"I am an ex- employee of TAN, or Travel Advantage Network. Everything negative that you are saying is true. They are a rip off and a scam. The salesmen make it look nice while they are giving you their sales pitch, but they don't tell you the whole truth. The resorts that they show you at the presentation are VIP resorts, or they could be VIP units. They don't show you what you will be getting if you sign up as a regular TAN client. The regular units, most of them suck and are out of date and dirty. I have walked through many of these units, and most of them are not clean and roach infested. The fees that they charge is also a lie. They tell you at the sales presentation that you can travel to anywhere you want for 99.00 dollars. Yeah, if you want to go the beach in the middle of January in 20 degree weather. This is considered non-peak season. For peak season you have to pay 30.00 extra per night, and also if you want to upgrade to a 2 or a 3 bedroom unit, you also pay 30.00 per night extra, per bedroom. If anyone is thinking about joining TAN, or Sundance Vacations, you need to think twice about it. I worked in customer service at TAN and I was a vacation reservationist and I had to deal with alot of angry people that felt they got ripped off, and they did. Don't think that you can't get your money back, because you can. I have seen it a million times. Don't give in. They will try to reduce your package so that your monthly payments are cheaper, don't do it because you will wind up paying the same, or more money for the package, because they add on more finance charges, and they stretch your loan time out to be longer. DONT DO IT PEOPLE, DONT JOIN TRAVEL ADVANTAGE NETWORK OR SUNDANCE VACATIONS, BECAUSE IT IS A SCAM, I WORKED THERE FOR 2 YEARS AND GOT FIRED BECAUSE I TOOK A CLIENT'S SIDE!!"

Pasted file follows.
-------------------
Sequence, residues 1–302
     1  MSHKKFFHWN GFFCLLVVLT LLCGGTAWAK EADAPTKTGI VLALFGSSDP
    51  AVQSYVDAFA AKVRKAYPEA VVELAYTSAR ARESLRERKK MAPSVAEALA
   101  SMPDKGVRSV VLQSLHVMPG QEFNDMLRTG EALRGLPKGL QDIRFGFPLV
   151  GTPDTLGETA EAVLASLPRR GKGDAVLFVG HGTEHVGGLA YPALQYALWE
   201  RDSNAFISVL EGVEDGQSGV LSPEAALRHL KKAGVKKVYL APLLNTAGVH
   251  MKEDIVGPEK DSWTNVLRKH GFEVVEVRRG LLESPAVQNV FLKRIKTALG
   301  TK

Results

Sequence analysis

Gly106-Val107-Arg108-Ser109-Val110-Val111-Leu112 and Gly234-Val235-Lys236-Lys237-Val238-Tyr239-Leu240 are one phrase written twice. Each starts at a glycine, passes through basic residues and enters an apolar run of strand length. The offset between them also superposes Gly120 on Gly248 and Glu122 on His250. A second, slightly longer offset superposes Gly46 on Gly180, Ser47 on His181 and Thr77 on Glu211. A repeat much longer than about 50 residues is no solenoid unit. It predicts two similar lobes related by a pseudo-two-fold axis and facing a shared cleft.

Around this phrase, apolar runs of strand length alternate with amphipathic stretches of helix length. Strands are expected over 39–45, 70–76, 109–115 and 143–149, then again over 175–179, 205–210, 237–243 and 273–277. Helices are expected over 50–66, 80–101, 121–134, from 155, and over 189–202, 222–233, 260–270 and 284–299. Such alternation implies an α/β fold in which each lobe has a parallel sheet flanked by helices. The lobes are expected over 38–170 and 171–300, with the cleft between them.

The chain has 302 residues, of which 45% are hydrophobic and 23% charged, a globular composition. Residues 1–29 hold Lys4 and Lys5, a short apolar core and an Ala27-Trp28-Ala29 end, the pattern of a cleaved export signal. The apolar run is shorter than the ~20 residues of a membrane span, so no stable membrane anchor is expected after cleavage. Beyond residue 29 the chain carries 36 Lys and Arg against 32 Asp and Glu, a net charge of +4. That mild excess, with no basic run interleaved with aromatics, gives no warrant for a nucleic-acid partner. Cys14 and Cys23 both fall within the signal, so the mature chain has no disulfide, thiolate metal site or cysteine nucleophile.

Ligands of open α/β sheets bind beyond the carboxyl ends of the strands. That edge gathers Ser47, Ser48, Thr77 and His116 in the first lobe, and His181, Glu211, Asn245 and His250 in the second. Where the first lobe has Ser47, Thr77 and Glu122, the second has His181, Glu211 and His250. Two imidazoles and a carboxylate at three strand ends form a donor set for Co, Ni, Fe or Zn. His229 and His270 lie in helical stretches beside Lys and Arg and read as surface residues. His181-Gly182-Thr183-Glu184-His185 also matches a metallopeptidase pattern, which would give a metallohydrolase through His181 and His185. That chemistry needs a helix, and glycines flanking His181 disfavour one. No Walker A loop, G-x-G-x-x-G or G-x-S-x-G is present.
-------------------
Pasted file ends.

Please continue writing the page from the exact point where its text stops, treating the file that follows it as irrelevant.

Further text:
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Posted by Anonymous on 2010-01-03: